Theses Toward a Theory of Generative Death Anxiety: Thesis #3 (Part B)

 
In the last column, we began our discussion of Thesis #3. Just as a reminder, Thesis #3 states:

Thesis #3: Human beings have the intelligence to think abstractly, and to use symbols (esp. complex language, which eventually allows a human person to think of himself/herself in the third person.) This is in essence what sets human psychology apart from animal psychology.

In the first part of our discussion, we took a quick romp through the evolutionary history of species, outlining as important signposts along the way: 1) the emergence of life, differentiating between organic and inorganic material; 2) the emergence of consciousness, associated roughly with the development of lifeforms with brains; 3) the emergence of self-recognition, intimately connected to the theory of mind, which allows an individual to assume that others of her species think and react to circumstances similar to her own reaction, then slowly recognizing that her thoughts may be private (based, for example, on information not available to all others – thus facilitating deception) and thus leading to an internal differentiation of self from others of the species, demonstrated in the ability to recognize oneself, for example, in ones reflection in a mirror; 4) and finally in human beings (alone as far as we know) the development of a full blown Reflective Symbolic Self, enduring through time as an integral entity with an individual and personal history and set of experiences not fully shared by any other member of the species.

It is a fact that we humans experience this Reflective Symbolic Self at the very root of what has facilitated our survival as a species. Based on the ability to symbolize, to make one thing stand in for another (without which language and mathematics would not be possible) it allows us to capture time, to reflect on past experiences and project ourselves imaginatively into the future. A species without fierce teeth and claws, an easily penetrated hide, no particularly notable facilitation in running, swimming, hearing, eyesight, no venom – one might well assume our only purpose as a species was as a scavenging food source for the big cats (which of course we were for by far the better part of our species history.) Yet we were able to not only survive, but to prosper and spread around the earth and into extremely hostile environment, thanks all but exclusively to the development of our brainpower and the eventual emergence of the Reflective Symbolic Self. It is through this facility that we were slowly able to start reflecting on survival needs and not simply adapt ourselves to a changing environment, but actually begin to adapt the environment to our needs.

There are a number of species, for example, among whom individuals of that species may have learned by experience that a cave yields protection from storms and other hardships. Individuals of other species may know by experience that warmth is found in proximity to fire. But only human beings could take those two pieces of information, mentally synthesize them into an imaginative picture of a fire within a cave (something most likely never actually encountered in nature itself) and then act volitionally to bring this about in the real world. Once this process began (perhaps some 60,000 years ago, give or take, but in any case VERY recently in evolutionary time) these successful active adaptations could be taught, learned and improved upon in succeeding generations, and thus slowly we see the emergence of cultures of knowledge within tribal families and between tribal families. All of this was made possible only by the emergence of the Reflective Symbolic Self within our species. It has been an enormous survival mechanism unlike that of any other species.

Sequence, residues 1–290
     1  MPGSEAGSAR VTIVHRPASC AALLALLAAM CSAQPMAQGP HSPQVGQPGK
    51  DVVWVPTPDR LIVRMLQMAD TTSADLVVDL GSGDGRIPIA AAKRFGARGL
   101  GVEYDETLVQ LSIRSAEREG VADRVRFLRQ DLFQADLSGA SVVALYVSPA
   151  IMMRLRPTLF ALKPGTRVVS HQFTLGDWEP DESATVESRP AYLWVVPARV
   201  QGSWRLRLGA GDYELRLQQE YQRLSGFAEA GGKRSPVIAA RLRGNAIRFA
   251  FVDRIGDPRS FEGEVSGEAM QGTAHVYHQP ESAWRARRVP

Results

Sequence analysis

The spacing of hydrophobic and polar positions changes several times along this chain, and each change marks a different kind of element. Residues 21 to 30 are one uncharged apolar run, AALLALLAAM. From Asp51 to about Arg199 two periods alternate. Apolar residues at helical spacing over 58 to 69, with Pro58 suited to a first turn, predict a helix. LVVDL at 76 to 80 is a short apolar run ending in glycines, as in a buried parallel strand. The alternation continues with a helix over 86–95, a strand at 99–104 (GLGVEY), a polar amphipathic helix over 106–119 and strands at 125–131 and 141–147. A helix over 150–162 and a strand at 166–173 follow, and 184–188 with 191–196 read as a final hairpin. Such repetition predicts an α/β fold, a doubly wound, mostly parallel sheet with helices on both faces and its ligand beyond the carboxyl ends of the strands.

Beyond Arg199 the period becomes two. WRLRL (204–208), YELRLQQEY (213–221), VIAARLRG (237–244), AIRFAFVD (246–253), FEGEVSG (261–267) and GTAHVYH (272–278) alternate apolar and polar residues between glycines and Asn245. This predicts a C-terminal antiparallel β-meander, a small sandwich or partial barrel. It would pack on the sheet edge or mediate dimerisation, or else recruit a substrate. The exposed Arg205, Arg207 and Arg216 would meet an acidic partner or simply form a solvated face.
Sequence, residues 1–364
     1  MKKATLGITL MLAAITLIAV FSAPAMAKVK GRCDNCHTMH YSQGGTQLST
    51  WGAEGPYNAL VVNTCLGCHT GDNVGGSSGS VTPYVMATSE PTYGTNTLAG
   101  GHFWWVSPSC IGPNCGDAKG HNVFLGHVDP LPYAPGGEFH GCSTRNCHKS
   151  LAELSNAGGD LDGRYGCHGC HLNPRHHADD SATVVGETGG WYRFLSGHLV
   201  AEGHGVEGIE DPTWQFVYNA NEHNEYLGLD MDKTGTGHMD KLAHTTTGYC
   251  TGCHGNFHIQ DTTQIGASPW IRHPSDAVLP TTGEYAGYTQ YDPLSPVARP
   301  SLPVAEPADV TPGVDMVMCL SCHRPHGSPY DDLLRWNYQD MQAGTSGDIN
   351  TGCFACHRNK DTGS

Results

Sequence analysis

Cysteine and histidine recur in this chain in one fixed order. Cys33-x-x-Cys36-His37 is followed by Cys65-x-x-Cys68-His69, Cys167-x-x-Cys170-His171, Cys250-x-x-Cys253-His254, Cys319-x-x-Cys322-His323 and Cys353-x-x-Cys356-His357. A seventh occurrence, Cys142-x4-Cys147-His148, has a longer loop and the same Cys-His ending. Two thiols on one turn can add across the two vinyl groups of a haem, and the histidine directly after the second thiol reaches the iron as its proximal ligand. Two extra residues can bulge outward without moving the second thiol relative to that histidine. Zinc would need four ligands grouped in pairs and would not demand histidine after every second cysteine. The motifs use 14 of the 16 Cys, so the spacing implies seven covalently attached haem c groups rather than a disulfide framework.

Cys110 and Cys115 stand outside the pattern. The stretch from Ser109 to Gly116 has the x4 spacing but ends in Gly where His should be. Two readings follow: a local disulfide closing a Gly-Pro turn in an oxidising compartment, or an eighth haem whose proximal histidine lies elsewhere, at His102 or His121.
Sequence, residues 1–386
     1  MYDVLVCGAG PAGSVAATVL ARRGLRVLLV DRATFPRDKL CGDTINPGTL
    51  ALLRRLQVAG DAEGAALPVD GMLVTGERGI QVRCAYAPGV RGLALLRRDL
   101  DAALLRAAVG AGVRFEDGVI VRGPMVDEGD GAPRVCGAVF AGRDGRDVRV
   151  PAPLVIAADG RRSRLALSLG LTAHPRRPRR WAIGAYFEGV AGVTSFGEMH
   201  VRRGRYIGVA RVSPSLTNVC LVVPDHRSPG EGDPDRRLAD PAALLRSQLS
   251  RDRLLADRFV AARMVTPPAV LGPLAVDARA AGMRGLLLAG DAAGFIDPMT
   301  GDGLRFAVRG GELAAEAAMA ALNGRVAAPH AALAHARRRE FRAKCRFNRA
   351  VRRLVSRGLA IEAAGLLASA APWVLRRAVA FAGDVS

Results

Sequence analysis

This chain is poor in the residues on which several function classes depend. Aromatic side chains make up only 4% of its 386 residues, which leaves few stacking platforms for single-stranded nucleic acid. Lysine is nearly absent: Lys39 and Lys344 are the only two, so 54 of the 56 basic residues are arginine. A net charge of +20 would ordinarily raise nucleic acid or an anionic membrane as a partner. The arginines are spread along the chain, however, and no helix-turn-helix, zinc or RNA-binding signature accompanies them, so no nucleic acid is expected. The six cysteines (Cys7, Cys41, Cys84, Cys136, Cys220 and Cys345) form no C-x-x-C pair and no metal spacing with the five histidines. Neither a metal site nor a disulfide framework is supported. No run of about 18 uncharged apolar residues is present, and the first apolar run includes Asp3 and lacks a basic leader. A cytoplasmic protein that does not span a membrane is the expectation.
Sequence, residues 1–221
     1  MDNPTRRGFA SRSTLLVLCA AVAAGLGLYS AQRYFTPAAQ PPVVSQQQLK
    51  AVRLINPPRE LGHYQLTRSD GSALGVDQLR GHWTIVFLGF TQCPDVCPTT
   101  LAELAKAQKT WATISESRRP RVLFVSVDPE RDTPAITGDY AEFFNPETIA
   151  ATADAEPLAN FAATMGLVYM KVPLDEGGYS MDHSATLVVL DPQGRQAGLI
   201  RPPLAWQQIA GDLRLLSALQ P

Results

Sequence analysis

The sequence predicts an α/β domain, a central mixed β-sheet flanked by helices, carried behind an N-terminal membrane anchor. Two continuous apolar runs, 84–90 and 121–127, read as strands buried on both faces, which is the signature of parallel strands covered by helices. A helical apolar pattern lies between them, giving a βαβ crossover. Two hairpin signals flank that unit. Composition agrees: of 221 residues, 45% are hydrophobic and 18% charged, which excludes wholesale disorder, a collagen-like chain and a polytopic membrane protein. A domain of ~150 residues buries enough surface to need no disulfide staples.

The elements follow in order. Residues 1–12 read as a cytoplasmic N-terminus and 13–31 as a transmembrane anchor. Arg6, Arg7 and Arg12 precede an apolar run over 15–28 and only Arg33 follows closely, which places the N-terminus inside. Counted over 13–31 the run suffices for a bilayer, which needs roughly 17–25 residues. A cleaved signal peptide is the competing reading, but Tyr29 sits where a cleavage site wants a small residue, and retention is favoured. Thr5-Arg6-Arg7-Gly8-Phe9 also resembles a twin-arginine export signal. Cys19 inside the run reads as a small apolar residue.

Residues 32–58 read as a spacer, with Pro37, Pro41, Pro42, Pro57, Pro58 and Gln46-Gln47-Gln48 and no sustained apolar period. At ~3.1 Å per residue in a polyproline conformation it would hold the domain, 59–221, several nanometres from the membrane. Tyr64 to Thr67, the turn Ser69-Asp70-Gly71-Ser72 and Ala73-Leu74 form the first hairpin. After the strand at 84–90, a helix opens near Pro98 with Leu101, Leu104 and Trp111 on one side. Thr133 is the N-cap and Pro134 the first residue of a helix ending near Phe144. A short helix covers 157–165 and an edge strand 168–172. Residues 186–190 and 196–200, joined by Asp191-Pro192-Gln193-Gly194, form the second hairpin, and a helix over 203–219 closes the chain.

This development of a Reflective Symbolic Self finally is what sets us apart from other species, at least as far as we know. As we have seen, there is an as-yet uncounted number of living species. Many of these are brain possessing and have some measurable element of consciousness (they can be knocked out or stunned, made ‘unconscious,’ in various ways.) A fewer but still significant number of conscious species have a developing theory of mind, among whom the most developed have powers of individual self-recognition. It is, however, only in humans, as far as we know, that the next step has been taken, the development of a Reflective Symbolic Self, enduring through time and buoyed by (perhaps even created by) the ongoing “story of my life” each one of us plays for ourselves in our own mind. How this developed in humans is murky and disputed. Did the developing Reflective Symbolic Self create language as one case in point of symbolization? Or was it the emerging facility of language that over time created the Reflective Symbolic Self? Or did each facility develop in conjunction with the other? If so, is the nature of this cooperation integral or symbiotic? All of these questions are interesting and worthy of serious study and discussion. Each view, however, is compatible with the Theory of Generative Death Anxiety, and would be considered ‘prehistory’ or preparation for the important event about to take place in our species history – the Next Great Leap, we might call it. We only point toward it here, and will begin to outline it in the next column.

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